Sweden has delivered a few great footballers through the years. The treble Gre-No-Li (Gunnar Gren, Gunnar Nordahl and Nils Liedholm) of AC Milan fame back in the 1940’s are an example; also Tomas Brolin, Kennet Andersson, Zlatan Ibrahimovic, Martin Dahlin and Kim Källström. None of them means so much to Swedish and international football as Henrik Larsson. The former striker became a legend for Celtic Football Club fans and to FC Barcelona, Helsingborgs IF and Manchester United as well.
Larsson’s father was Francisco Rocha, a native from Cabo Verde. Henrik’s mother was Eva Larsson and both of his parents believed he should keep Eva’s last name in order to be at least accepted in Swedish society. Henrik Edward emerged as a striker in the early 90’s. He started at Högaborg when he was 6 years old, became professional at 17 then he moved to Helsingborg and scored more than 50 goals in his only season at the club before his big break at Celtic. Henrik was a very fast forward who could play wide or just outside the box; he’s better known as an old school ‘killer’. A goal scorer praised everywhere.
The first time Larsson came to my attention was during the 1994 World Cup where Sweden reached the 3rd place and several of its players had a great tournament including Thomas Ravelli, Martin Dahlin and Tomas Brolin. I was impressed by the fact that both Dahlin and Larsson had darker skin than their team mates, I didn’t know back then about the racial and cultural mixing that Europe has been going through since the 1960’s. Colors aside, both players were part of the tournament’s ‘dark horse’ team. Henrik took part in five matches and scored one goal. He was 23 years old but showed some skills and was spot in the game’s most important event.
Larsson played four years at Feyenoord and managed to win 2 Dutch cups, scoring 30 goals with the Rotterdam squad. However, his career would rise playing in Glasgow, Scotland with Celtic FC. Celtic is one of the oldest clubs in Scotland and the second most successful team in Scottish League after their rivals Glasgow Rangers. They are considered the best among their fans due to a trophy won in 1967: the European Champions Cup. Before the Swedish arrival, Celtic was struggling at domestic level not winning the league or the cup since the late 80’s. Their historical opponents Rangers were the dominant force at the time.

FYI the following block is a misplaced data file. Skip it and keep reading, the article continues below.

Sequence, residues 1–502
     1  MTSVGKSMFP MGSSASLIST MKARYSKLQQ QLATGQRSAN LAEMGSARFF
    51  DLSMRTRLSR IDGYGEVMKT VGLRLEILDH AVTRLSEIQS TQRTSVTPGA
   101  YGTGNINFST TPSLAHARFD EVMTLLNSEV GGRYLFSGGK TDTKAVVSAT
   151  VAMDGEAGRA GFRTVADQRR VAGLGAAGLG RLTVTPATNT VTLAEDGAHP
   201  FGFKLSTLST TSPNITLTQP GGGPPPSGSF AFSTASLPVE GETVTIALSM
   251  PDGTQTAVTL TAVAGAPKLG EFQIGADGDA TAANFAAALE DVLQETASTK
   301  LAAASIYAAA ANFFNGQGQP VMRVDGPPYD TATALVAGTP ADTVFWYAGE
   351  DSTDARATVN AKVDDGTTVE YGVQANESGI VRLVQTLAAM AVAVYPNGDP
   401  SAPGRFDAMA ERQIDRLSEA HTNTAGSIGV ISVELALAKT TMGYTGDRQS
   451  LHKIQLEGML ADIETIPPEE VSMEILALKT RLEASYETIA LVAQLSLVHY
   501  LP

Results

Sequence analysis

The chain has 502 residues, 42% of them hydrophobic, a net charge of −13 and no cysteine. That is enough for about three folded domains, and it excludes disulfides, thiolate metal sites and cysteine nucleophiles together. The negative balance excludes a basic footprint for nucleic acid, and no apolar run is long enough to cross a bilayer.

Henrik helped the Hoops along with such notable players like Paul Lambert, Jackie McNamara, Alan Stubbs, Shaun Maloney, Neil Lennon and Stiliyan Petrov. Celtic had a good six year run (1998-2004) where they obtained 4 League titles, 2 Cups, 2 League Cups and were runners-up at the 2003 UEFA Cup final won by Portuguese side FC Porto. Martin O’Neill was the most successful manager of an era that includes “bosses” like Kenny Dalglish, John Barnes and Wim Jansen. It can be said that Larsson’s adventure with Celtic started off with the wrong foot in 1997. On his debut he gave away a ball that ended in goal for Hibernian, who went on winning the match 2-1. Later he scored and own goal on his first European game. Things got better since Larsson ended the season with 18 goals in all competitions and the Bhoys won the Scottish League for the first time in 10 years. He began playing alongside other strikers like Simon Donnelly and Darren Jackson but he became the main man upfront as the years went by. He had a good goal ratio and was feared among defenses all over Scotland and Europe too.